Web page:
Court ruling would affect poor-credit CMP customers

State utility regulators were correct when they ordered Central Maine Power Co. to put $2.6 million into an account for its energy suppliers in 2012, the Maine Supreme Judicial Court ruled on Tuesday.

The account was for deliquent-prone customers.

The ruling backs a decision by the Maine Public Utilities Commission and deals with how funds were collected and applied between 2008 and 2010. .

The ruling won’t have any impact on the current rates, but the PUC’s decision would affect how the collection for customers with poor credit histories is calculated in future rate-making, the court said.

Judge: Allowing groundfish carryover violated law

A judge has ruled that the National Marine Fisheries Service violated federal law when it allowed New England fishermen to carry uncaught groundfish allocation into the following year.

The service made the adjustment as part of a group of changes to New England’s Multispecies Fishery Management Plan in 2013. Judge James E. Boasberg of U.S. District Court for the District of Columbia ruled April 4 the carryover provision increases likelihood that “environmental harm, in the form of excessive fishing” would take place.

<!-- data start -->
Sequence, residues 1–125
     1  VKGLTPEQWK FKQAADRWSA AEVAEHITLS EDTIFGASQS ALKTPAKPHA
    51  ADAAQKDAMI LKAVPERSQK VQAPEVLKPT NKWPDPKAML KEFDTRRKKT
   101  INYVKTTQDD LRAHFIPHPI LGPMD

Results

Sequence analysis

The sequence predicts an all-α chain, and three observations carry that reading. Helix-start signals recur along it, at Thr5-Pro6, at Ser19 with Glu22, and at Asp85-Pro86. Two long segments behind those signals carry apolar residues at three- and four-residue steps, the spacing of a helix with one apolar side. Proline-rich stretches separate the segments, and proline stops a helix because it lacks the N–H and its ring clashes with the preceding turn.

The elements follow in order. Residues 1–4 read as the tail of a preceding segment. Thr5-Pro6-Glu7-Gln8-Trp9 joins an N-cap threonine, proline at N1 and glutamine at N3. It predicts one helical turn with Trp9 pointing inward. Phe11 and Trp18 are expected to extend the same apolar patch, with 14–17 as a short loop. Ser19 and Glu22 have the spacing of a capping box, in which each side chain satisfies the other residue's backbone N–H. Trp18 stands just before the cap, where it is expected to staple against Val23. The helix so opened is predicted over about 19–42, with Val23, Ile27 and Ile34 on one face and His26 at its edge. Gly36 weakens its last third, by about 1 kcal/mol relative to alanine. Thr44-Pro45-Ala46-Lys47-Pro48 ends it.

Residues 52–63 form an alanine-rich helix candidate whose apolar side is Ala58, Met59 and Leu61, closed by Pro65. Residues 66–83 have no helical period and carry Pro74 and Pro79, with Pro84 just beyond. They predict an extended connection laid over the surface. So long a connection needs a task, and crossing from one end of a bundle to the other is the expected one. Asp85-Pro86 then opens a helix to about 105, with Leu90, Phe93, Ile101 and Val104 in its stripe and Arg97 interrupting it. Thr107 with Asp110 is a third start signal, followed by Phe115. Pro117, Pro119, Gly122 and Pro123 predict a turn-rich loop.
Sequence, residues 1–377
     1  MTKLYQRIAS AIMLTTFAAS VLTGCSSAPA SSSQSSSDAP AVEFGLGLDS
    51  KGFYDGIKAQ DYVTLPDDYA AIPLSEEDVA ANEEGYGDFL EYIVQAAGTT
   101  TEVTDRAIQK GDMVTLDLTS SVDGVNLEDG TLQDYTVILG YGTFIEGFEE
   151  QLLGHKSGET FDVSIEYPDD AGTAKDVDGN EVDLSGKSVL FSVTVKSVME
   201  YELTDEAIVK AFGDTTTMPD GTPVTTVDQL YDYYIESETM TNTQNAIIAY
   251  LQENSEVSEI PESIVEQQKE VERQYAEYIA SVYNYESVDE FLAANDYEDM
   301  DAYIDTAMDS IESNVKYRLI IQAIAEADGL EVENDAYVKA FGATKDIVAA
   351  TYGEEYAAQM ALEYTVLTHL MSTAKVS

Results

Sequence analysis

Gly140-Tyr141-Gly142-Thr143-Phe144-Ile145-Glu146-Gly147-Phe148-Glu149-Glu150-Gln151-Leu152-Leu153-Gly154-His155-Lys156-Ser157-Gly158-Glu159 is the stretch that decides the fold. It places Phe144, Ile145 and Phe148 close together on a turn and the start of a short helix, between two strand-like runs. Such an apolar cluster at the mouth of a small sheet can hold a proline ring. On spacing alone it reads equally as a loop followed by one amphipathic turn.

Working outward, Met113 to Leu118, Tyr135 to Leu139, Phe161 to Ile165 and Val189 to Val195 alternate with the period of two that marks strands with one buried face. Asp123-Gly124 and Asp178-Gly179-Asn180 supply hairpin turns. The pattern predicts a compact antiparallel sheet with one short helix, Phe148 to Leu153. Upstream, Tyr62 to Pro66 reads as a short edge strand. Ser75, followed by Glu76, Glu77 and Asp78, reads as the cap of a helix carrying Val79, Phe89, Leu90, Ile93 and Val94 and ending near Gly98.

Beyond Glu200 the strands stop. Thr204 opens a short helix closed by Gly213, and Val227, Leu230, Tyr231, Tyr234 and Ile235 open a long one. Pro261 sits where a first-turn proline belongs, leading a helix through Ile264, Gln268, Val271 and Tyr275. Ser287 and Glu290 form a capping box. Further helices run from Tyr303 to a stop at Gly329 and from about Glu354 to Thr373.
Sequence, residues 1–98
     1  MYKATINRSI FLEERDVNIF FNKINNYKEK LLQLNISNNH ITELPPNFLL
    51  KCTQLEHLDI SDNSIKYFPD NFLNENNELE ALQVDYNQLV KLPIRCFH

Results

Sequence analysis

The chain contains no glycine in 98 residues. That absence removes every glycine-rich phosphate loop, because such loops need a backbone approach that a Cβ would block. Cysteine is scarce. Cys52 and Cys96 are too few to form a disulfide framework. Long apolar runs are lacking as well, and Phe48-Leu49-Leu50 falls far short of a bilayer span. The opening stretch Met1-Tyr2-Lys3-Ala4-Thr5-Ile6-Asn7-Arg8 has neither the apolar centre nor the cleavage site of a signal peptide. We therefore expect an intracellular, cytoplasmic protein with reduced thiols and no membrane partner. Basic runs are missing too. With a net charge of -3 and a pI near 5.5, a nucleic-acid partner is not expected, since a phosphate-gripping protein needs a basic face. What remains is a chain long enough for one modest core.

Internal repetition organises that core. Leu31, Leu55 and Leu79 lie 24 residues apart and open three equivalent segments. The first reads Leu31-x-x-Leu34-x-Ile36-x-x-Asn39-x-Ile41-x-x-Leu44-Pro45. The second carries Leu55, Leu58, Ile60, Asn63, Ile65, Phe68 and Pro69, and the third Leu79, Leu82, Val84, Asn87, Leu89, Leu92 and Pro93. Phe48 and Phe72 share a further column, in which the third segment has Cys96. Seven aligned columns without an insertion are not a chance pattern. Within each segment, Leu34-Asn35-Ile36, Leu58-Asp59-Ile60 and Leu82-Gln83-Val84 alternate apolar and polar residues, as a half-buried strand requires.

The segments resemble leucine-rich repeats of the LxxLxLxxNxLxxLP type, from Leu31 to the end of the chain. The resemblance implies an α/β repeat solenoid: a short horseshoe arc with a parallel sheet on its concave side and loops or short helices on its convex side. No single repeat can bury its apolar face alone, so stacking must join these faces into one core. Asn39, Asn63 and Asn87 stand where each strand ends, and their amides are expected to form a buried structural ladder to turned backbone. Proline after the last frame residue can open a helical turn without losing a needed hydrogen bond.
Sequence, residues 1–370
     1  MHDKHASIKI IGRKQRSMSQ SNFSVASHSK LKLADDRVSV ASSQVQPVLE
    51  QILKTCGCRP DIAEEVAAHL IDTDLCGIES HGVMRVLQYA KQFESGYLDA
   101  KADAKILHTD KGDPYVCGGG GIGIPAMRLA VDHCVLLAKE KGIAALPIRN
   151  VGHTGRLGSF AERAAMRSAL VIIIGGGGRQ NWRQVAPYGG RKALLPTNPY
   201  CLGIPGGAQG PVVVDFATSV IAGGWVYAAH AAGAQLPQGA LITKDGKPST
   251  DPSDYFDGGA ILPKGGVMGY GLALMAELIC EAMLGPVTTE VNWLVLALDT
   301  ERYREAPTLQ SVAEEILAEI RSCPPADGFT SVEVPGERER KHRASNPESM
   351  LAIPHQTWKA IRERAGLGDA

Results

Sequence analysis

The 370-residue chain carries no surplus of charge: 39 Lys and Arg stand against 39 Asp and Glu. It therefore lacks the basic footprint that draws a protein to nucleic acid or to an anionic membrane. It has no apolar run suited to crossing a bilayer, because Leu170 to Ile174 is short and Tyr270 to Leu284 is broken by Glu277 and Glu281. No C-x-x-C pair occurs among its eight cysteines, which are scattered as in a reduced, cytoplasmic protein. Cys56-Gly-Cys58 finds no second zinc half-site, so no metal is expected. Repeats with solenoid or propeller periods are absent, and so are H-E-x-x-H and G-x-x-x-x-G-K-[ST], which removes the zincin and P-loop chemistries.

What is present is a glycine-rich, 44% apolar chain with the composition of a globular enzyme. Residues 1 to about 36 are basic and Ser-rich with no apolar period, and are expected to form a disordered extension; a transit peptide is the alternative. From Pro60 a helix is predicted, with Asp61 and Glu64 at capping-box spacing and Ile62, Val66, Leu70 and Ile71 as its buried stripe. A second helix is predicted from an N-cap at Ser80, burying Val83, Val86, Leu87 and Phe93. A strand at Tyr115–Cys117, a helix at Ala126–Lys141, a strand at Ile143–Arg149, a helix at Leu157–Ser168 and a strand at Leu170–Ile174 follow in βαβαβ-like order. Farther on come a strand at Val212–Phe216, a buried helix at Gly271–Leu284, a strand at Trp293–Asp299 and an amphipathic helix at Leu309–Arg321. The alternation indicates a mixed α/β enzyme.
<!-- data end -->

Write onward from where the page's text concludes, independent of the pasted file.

A spokeswoman for the National Marine Fisheries Service said the agency is determining how to respond to the ruling.

Courtroom in smartphone case abuzz with devices

One of the biggest problems for a federal judge overseeing a patent battle between the world’s largest smartphone makers is getting the roomful of smartphone devotees to turn off their devices.

U.S. District Judge Lucy Koh has become frustrated during the trial pitting Apple against Samsung because the many personal Wi-Fi signals interfere with a network the judge relies on for a real-time transcript of the proceedings.